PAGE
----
Employee self-promotion is a great way to encourage the use of any social tool. Allowing employees to publicise their personal news, such as charity events they’re involved with, will also help to embed the employee self-service hub within the business.
5. Get the aesthetics right
Imagery and videos are vital for the aesthetics of any online system; media content is known to attract higher engagement rates and will also allow those employees who are sharing content to illustrate their messaging and express their views more creatively.
As long as the content is appropriate for an office environment, it should be encouraged.
The use of imagery in business dashboards will allow the business to share information and statistics in a more digestible format, originating from one central hub.
As well as business statistics, information, such as the employees who contribute the most, have answered the most questions in company forums, or provided the most popular update, can be displayed.
6. All questions should be addressed
Online collaboration requires discussion forums; for these to work, questions cannot go unanswered. This doesn’t mean that every single query needs to be responded to immediately, but the employee asking the question shouldn’t feel that they are doing so in vein.
If a question can’t be answered then it can be taken offline, but this must be communicated within the forum to inform others that this is the case.
Once a solution is found, the forum should be updated to inform others who may have the same question in the future.
Discussions can also be centred around the system itself. Future improvement suggestions, usability questions and tips on best practice, are all topics that will attract users to return for updates.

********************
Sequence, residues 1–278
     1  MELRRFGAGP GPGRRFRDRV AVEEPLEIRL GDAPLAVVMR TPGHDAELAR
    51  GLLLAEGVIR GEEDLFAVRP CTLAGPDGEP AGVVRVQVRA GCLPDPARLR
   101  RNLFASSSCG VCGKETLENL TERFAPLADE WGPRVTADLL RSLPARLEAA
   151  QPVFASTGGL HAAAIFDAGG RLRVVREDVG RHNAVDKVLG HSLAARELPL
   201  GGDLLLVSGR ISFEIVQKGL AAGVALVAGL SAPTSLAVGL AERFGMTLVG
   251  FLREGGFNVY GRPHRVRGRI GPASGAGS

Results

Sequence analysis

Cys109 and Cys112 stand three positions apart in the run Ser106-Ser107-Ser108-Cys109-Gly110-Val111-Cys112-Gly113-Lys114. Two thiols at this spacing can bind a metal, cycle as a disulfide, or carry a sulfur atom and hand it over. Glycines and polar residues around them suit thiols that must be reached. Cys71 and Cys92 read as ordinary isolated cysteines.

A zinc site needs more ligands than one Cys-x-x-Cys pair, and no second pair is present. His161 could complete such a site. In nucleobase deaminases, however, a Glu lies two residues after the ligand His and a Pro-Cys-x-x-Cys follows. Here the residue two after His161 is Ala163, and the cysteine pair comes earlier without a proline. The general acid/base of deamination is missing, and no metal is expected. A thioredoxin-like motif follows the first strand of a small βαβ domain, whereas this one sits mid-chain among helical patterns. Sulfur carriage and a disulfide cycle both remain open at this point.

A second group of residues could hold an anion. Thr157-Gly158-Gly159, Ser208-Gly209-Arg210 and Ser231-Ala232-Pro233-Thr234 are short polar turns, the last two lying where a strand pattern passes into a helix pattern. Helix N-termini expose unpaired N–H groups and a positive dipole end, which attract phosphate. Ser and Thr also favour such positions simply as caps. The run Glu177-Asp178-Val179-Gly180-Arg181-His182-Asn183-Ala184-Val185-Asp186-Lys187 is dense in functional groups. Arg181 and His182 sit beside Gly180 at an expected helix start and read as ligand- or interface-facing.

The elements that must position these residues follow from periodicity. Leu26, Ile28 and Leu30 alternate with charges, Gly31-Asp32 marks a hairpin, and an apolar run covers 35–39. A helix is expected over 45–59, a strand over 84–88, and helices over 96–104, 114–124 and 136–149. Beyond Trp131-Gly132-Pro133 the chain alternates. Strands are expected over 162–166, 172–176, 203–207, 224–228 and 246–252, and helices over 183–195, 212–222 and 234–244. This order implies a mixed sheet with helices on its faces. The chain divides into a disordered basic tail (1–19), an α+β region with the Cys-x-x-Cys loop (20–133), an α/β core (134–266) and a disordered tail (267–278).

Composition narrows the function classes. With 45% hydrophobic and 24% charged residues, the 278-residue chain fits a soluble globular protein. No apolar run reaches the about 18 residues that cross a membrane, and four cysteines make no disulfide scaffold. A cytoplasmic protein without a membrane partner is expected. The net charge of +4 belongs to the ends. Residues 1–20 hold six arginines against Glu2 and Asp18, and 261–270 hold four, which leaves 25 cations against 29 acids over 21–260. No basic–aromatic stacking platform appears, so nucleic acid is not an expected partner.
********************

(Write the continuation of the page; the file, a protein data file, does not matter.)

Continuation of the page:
Gamifying an intranet is a very useful way to encourage activity and acceptance among users. Points can be awarded for certain achievements, such as a completing a profile, answering questions, or submitting popular updates. A league of the top users can also be used as a visual way to reward those for being a collaborative and engaged member of staff. Most people have a competitive streak, however strong, and this can be capitalised upon to increase usage of the intranet through the use of gamification.
Gamification is known to be an effective method to encourage interaction and quicken the completion of certain set tasks. Some interesting and compelling gamification stats include:
- Deloitte: training programs that are gamified took 50% less time to complete and significantly improved long-term engagement
- Spotify and Living Social: replaced annual reviews with a mobile gamified solution, with over 90% of employees participating voluntarily
- Vendors claim that gamification can lead to between a 100% to 150% pickup in engagement metrics, including unique views, page views, community activities, and time on site
- 51% of adults agree that if a layer of competition were added to everyday activities, they’d be more likely to keep closer watch of their behavior in those areas
- 63% of adults agree that making everyday activities more like a game would make them more fun and rewarding